Cyber security inspectors from the Office for Nuclear Regulation (ONR) made key contributions to last week’s International Atomic Energy Agency (IAEA) conference on computer security in the nuclear world.
CyberCon23 was a week-long discussion about the need for effective security measures to protect against cyber-attacks on facilities handling nuclear or other radioactive material in an increasingly digitised world.
Paul Shanes, Warren Cain, Kirstin Sands and Gareth Carrigan, from ONR, participated in the event in Vienna, which provided Member States with a forum to discuss the evolving nature of computer security in the nuclear field.
This included mitigation capabilities and related tools, as the vulnerability of sensitive information from theft and/or manipulation, and also the vulnerabilities of computer systems to cyber-attacks, is widely recognised.
Paul chaired a series of presentations and debates on state-level strategy and regulatory approaches for cyber security and contributed to related discussions held via the IAEA’s podcast ‘Nuclear Matters’ while Warren spoke about our journey towards outcome-focused regulation within the UK civil nuclear security sector and the benefits which this approach provides dutyholders.
ONR also delivered a session on intelligence-led cyber kill chain-designed assurance and achieving cyber security outcomes through computer assurance activities.
CyberCon23 featured participants from 94 countries and seven international organisations, with Director General Rafael Mariano Grossi welcoming more than 500 worldwide participants during an introductory video message.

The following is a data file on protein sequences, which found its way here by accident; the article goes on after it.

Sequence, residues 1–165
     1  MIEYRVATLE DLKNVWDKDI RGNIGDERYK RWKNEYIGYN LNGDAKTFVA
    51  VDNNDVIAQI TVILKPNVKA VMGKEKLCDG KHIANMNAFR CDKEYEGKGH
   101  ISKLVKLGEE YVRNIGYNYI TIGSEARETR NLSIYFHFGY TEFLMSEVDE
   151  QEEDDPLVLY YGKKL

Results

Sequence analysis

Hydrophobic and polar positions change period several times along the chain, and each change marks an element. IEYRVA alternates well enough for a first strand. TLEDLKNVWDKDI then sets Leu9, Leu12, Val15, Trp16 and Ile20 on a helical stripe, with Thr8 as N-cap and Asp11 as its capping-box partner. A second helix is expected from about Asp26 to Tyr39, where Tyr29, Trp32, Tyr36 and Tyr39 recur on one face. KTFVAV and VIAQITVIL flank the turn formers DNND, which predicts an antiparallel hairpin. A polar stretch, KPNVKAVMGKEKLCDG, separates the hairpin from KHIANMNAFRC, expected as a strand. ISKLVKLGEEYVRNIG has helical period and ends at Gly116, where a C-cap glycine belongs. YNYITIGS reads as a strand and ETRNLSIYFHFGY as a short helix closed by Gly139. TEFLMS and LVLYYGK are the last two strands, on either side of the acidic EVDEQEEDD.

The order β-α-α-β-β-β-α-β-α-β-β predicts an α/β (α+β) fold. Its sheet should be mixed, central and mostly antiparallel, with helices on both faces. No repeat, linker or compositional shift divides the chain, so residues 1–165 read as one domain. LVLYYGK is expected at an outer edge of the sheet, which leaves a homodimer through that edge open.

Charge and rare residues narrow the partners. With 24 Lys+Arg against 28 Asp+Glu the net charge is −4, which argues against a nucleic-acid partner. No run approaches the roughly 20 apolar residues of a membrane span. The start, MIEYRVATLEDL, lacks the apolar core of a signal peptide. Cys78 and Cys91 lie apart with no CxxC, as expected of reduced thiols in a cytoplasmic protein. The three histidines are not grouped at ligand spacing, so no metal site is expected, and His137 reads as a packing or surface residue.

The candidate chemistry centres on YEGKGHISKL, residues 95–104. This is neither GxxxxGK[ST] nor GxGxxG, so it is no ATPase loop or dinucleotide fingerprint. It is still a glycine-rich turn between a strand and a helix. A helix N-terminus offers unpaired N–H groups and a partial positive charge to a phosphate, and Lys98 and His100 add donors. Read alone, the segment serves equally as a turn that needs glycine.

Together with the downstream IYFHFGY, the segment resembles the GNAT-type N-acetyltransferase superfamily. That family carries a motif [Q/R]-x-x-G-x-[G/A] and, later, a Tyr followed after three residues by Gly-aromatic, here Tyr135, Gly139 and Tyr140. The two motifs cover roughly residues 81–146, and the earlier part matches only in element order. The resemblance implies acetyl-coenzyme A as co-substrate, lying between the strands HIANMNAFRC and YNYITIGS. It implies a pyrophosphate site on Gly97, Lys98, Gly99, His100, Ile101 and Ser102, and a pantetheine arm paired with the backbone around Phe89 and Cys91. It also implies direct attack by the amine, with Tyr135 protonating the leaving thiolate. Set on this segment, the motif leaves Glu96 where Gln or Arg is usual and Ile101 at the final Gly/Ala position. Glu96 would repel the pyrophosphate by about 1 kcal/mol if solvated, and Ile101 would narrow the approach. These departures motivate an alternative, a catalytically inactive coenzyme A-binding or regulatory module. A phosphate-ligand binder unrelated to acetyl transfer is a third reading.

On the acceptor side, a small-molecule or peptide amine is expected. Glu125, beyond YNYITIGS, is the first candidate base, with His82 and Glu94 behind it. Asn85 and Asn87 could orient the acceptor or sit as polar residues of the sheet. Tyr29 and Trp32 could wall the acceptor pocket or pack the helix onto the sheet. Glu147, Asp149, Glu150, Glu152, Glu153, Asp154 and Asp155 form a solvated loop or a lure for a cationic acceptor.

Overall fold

Also as part of the conference, ONR’s Gareth Carrigan gave his expertise within a discussion about cyber security implications for nuclear material transportation and Kirstin Sands spoke of the benefits and importance of attracting and retaining younger generations to cyber security careers within the nuclear industry.
At the opening session, participants witnessed a fictitious cyber-attack through a series of videos depicting an attack on an imaginary facility.
The narrated scenario highlighted the importance of protecting digital systems, such as instrument and control systems, that are used for key safety and security applications.
Paul Shanes, ONR’s Professional Lead for Cyber Security, said: “During the week, participants heard from industry leaders about the threats facing critical national infrastructure, and through a series of interactive discussions, demonstrations and pre-prepared case studies were able to share their experiences, expertise and insight in order to drive improvements and increase maturity in this ever-evolving field.”